One day a while ago I was on the phone with a good friend. She had just finished catching me up on all the things that were going wrong in her life. And you know what I said? I said, “Tomorrow is another day.” My friend laughed. “Another one like today?” she said. “Anything else good you can tell me? In that case, clear the way to the cliff, I’m gonna jump!”
Then we spent the next fifteen minutes laughing about all the little bits of useless advice people give one another, that fog up our psychic lenses. We’ve all gotten advice like that, and we all give it, from time to time.
Imagine this: You’re having a run of bad luck. Your ankle breaks. Your investments tank. Your colonoscopy is next week. The post office has been delivering your bills to the wrong address and your good credit is about to go bad. And then someone tells you to have a positive attitude, or some variation of it, like “look at the glass half full,” “cheer up,” “look on the bright side,” and the ever-popular “things could get worse” –to which I always want to say, “really, like HOW?”
You are late for an appointment and you can’t find the car keys. Your wallet is missing. You make a last minute pit stop in the bathroom and the flapper thingie unhinges and it won’t flush. Then the phone rings, you let the machine answer and it turns out to be the call you have been waiting for for weeks, but by the time you grab the receiver, the speaker has just finished saying he is going on a four week vacation (you can hear the boarding call in the background) and won’t be available until next month and hangs up. And what does someone — usually someone who really cares, who is in the general vicinity of your ongoing disaster — say to you? “Relax,” of course. “Take it easy.” “Calm down.” Or the new favorite, “Breathe.”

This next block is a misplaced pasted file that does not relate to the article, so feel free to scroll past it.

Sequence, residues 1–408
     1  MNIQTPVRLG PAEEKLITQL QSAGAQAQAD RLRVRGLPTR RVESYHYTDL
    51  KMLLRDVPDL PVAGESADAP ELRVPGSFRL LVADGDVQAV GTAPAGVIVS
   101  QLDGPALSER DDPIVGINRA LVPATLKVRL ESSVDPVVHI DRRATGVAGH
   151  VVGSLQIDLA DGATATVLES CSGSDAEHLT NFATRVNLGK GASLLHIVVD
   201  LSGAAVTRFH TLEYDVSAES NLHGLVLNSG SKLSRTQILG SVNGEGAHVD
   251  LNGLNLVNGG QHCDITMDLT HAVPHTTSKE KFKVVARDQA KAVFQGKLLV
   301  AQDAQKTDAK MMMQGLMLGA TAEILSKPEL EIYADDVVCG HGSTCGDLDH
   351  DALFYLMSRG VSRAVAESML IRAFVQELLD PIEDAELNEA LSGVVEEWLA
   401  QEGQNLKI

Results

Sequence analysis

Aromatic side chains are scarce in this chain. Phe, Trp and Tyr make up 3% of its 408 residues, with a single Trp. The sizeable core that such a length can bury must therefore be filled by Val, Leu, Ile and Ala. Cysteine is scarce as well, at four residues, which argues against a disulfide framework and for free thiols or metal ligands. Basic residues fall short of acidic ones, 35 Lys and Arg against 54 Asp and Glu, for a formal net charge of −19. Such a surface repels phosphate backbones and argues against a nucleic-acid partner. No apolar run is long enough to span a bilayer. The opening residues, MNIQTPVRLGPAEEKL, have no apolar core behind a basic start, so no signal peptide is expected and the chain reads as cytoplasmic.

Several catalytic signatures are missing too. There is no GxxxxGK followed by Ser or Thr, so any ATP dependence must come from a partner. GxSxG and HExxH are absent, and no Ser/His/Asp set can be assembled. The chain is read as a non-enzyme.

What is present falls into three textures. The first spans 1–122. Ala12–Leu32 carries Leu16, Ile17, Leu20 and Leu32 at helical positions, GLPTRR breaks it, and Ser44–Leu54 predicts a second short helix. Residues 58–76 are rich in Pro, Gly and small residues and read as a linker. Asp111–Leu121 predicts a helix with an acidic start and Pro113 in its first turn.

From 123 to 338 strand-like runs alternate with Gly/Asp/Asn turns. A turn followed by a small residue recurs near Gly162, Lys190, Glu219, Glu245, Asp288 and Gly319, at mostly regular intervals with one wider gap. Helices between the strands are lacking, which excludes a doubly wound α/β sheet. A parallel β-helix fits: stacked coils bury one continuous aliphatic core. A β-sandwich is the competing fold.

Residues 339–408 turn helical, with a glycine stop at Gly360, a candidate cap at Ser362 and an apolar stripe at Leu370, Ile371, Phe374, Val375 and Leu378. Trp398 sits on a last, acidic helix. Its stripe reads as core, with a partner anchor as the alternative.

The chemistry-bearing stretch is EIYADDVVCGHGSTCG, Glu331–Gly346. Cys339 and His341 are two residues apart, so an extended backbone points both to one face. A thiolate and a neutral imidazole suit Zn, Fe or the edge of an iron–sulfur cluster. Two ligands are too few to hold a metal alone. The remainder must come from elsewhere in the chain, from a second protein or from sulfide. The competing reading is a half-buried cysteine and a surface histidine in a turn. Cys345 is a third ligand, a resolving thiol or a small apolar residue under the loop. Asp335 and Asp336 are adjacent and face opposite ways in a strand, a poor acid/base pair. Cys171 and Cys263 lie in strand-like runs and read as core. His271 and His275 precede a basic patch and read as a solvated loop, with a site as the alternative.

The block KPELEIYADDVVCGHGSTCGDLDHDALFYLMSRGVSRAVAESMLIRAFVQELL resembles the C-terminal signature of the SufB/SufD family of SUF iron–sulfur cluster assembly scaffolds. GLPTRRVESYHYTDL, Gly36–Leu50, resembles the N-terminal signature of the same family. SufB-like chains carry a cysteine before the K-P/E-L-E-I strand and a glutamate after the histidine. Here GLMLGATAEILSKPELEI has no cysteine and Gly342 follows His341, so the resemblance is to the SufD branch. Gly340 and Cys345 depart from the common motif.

Oh, I know, don’t bother telling me. We all mean well. We just aren’t thinking. Because, really, what good does it do to tell you to take it easy when you are in the middle of taking it hard? Isn’t it evident that if you could take it easy, you would? I don’t know about you, but hearing “it’s okay” when I know clearly it is very much NOT okay only makes me feel worse. Actually, it makes me so mad I want to chew a rug.
My mother’s two favorites, as I was growing up, was, “Wash your hands and face, you’ll feel better,” and “Don’t you care,” the latter of which always made me grind my teeth and say, “But I DO care!”
” Let a smile be your umbrella?” Yeah, try it, in the rain.
I guess my own favorite bit of advice is something I hear all the time: “Have a sense of humor,” which is kind of like saying to someone, “Be tall.”
I guess if I had more of a sense of humor, I would laugh the whole advice thing off. But then again, if I had less of a sense of humor, I wouldn’t have been able to write this.
Any favorite pieces of useless advice you’d like to share?